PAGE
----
A thorough discussion regarding the physiology of the T-wave was previously provided. Only aspects relevant to ischemia will be discussed here. The T-wave is notoriously difficult to judge, which is why a rather comprehensive discussion is warranted. The normal T-wave will be described first. Then, ischemic T-wave changes – hyperacute T-waves, inverted T-waves, flat T-waves, Wellen’s syndrome and de Winter’s syndrome – will be discussed in detail.
The normal T-wave
The normal T-wave is concordant with the QRS complex, meaning that it has the same direction as the net direction of the QRS complex. A net positive QRS complex should be followed by a net positive T-wave (see previous discussion on concordance/discordance). If the T-wave and the QRS complex heads in the opposite directions, the T-wave is said to be discordant which is abnormal. Because most ECG leads have net positive QRS complexes (during normal circumstances) the T-wave is typically positive in all leads. It is, however, common to have a negative T-wave in lead V1, which also has a net negative QRS complex (i.e the negative T-wave is actually concordant with the QRS, which makes this a normal finding).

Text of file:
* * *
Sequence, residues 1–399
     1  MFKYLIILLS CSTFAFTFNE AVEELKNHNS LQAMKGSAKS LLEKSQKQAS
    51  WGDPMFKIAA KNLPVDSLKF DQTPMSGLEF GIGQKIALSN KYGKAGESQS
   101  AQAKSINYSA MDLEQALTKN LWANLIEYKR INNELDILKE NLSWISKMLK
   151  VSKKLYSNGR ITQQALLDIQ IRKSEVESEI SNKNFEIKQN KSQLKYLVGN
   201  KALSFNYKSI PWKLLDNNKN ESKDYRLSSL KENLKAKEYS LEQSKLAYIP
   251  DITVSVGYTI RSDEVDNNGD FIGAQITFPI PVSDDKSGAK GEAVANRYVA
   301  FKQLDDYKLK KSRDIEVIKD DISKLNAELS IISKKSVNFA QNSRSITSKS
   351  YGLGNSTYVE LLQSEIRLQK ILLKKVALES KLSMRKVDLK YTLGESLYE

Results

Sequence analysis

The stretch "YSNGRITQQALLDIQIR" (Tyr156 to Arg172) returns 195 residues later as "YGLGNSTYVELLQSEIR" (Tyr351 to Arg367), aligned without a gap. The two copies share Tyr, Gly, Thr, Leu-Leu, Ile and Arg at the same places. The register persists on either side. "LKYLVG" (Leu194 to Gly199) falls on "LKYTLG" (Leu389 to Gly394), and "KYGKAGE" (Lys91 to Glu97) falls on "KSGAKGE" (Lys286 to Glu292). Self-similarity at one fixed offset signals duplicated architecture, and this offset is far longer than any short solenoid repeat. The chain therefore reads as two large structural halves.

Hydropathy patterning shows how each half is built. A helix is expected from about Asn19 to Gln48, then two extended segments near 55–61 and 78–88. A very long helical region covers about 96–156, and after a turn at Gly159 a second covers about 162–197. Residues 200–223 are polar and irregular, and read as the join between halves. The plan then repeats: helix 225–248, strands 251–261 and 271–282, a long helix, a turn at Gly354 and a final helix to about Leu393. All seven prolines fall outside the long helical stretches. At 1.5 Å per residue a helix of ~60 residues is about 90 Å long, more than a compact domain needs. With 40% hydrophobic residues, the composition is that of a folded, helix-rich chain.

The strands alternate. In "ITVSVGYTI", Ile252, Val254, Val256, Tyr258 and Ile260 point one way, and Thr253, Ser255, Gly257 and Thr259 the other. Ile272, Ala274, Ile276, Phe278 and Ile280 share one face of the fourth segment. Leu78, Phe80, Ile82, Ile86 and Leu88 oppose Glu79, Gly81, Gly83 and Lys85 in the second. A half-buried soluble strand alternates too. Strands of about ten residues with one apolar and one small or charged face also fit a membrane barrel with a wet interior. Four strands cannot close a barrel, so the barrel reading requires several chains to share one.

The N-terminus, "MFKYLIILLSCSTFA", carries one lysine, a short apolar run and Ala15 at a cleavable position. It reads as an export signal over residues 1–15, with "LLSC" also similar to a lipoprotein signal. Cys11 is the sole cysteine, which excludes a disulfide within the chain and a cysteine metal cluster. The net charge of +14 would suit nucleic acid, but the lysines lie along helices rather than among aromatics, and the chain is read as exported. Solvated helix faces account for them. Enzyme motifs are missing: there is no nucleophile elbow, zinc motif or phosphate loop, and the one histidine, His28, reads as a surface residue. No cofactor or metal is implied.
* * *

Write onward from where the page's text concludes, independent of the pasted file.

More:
The transition from ST segment to T-wave should be smooth. The amplitude of the T-wave is rarely >6 mm in the limb leads. In the chest leads the amplitude is highest in V2–V3; males may display up to 10 mm T-wave amplitude in these leads, although most have <6 mm in V2–V3. T-wave amplitude is on average 3 mm in V2–V3 in females and it rarely exceeds 8 mm. Note that the amplitude of the T-wave is related to the amplitude of the QRS complex (large QRS amplitudes yields large T-wave amplitudes, and vice versa). Last but not least, the normal T-wave is slightly asymmetric; the slope of the descending limb is slightly steeper than the ascending limb.
A rather detailed reference regarding the direction of T-waves follows:
- I, II, -aVR, V5 and V6 should display positive T-waves in adults.
- aVR displays a negative T-wave in adults.